USC announced on November 1, 2009 that Sample would step down as its president in August 2010.[4][9] He explained that he wanted to see "fresh leadership" take charge.[9] Since stepping down as President, and following a one year sabbatical, Sample has taught a course at USC with Warren Bennis.[3]

On August 3, 2010, C.L. Max Nikias became the 11th president of the university.

Fundraising[edit]

Sample’s fundraising initiatives raised more than $430 million for sponsored research.[3] He led two strategic planning processes to improve the university on the whole.[1] During his term, the university also conducted the second most successful fundraising campaign in the history of higher education, raising nearly $3 billion.[3] These donations included major contributions of $112.5 million from Alfred Mann to establish the Mann Institute of Biomedical Engineering, $120 million from Ambassador Walter Annenberg to create the Annenberg Center for Communication, $100 million from the Annenberg Foundation, and a $110 million from the W. M. Keck Foundation for the Keck School of Medicine.[3][10] More recently, Sample has overseen the $175 million gift from George Lucas to the School of Cinematic Arts.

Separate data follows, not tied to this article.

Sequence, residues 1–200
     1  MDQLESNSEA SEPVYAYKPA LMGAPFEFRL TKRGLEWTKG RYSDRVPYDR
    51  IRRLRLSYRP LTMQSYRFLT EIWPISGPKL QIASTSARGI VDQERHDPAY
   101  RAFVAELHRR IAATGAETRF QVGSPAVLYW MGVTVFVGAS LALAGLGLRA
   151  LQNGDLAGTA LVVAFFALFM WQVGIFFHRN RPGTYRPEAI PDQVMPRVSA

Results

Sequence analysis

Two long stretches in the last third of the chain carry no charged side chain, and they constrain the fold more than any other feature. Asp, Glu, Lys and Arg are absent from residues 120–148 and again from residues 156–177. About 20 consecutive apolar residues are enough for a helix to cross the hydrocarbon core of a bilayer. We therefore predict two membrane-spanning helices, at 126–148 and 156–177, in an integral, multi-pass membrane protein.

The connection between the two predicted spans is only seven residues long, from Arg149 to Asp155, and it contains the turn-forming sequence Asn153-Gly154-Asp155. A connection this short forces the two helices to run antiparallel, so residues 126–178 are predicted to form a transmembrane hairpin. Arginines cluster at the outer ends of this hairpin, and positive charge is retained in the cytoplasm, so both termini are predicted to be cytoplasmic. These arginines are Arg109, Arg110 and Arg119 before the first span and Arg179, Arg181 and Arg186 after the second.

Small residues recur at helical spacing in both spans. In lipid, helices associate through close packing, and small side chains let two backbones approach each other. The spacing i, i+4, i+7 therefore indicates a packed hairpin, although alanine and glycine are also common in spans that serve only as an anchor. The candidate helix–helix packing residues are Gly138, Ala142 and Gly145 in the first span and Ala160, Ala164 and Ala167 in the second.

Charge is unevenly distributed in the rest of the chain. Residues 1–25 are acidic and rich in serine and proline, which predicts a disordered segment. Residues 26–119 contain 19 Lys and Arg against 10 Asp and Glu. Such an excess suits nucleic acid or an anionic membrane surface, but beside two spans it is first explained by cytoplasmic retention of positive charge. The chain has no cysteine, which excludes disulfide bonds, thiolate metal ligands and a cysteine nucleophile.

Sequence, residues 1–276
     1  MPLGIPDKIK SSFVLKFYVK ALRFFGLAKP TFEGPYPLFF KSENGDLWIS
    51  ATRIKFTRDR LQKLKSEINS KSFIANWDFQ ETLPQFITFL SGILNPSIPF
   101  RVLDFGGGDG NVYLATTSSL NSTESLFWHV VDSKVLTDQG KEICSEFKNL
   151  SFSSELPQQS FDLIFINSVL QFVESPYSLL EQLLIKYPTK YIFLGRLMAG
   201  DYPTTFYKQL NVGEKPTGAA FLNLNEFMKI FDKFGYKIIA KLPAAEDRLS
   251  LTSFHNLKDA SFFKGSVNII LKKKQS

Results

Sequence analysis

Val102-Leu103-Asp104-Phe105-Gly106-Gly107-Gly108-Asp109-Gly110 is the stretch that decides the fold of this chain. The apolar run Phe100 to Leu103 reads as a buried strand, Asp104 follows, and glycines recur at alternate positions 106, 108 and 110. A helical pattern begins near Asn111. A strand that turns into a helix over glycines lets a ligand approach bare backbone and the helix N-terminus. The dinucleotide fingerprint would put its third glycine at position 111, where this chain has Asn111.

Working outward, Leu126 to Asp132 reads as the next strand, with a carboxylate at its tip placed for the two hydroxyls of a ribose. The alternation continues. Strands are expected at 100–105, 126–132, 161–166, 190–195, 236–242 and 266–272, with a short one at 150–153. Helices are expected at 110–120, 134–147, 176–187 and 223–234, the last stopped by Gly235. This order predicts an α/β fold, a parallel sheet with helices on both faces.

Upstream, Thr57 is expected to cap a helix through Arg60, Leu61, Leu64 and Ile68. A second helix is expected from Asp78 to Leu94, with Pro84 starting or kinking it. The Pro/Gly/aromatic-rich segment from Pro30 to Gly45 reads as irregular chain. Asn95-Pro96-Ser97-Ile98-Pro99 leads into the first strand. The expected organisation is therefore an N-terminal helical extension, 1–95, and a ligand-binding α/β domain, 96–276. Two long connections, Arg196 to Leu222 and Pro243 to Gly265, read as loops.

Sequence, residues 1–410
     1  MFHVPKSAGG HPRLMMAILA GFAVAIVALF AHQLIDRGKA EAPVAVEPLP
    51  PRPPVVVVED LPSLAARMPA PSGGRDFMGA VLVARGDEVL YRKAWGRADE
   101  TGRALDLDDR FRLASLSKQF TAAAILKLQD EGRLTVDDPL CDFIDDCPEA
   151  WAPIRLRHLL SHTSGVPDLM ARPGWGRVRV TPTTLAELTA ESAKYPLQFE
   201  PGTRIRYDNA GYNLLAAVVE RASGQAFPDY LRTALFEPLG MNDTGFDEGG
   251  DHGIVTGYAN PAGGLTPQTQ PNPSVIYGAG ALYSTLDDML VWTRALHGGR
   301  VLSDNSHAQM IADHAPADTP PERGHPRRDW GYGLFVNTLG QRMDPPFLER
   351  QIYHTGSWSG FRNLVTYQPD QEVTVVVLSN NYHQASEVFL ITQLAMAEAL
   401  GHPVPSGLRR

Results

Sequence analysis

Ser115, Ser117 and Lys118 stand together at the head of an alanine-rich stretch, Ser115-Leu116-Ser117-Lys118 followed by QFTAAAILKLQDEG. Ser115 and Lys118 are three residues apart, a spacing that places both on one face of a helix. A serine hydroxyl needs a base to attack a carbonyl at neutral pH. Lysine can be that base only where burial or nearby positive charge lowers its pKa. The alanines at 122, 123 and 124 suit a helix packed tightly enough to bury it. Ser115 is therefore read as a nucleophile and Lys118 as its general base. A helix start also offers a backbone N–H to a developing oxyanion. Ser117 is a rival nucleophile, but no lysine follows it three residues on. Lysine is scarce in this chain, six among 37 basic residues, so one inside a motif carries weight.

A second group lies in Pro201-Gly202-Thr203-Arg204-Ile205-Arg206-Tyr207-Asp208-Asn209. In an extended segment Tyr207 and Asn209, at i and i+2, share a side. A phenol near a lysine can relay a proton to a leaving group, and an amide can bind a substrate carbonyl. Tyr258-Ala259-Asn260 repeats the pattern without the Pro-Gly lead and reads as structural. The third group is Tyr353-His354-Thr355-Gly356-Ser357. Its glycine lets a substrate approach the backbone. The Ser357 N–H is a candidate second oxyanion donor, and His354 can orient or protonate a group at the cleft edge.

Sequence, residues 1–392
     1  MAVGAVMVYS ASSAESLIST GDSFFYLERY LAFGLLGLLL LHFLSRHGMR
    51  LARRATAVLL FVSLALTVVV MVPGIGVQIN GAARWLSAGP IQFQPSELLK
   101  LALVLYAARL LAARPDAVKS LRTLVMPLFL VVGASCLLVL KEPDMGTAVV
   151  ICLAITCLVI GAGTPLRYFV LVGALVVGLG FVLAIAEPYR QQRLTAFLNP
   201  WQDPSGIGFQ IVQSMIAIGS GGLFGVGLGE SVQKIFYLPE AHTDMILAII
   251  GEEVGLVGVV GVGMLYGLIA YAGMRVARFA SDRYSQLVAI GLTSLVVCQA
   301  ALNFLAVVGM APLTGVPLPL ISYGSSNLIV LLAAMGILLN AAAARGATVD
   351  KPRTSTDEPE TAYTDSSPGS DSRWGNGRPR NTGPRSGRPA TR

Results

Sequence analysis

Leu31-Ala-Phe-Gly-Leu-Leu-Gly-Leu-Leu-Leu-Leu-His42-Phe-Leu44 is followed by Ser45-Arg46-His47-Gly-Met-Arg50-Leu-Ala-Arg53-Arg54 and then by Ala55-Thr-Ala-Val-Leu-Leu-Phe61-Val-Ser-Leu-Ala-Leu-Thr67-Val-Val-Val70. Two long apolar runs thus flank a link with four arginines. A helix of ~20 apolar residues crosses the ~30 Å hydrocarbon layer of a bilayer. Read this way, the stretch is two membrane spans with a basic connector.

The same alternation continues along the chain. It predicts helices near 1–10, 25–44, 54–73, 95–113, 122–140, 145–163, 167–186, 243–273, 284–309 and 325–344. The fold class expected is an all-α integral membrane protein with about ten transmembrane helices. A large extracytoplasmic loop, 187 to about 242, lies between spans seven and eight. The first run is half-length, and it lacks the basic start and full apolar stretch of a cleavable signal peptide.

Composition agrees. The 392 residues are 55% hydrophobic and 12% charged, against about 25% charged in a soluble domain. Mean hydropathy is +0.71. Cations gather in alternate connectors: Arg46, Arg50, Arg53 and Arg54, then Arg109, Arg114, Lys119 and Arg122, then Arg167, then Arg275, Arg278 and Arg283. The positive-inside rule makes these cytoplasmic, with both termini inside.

Construction projects[edit]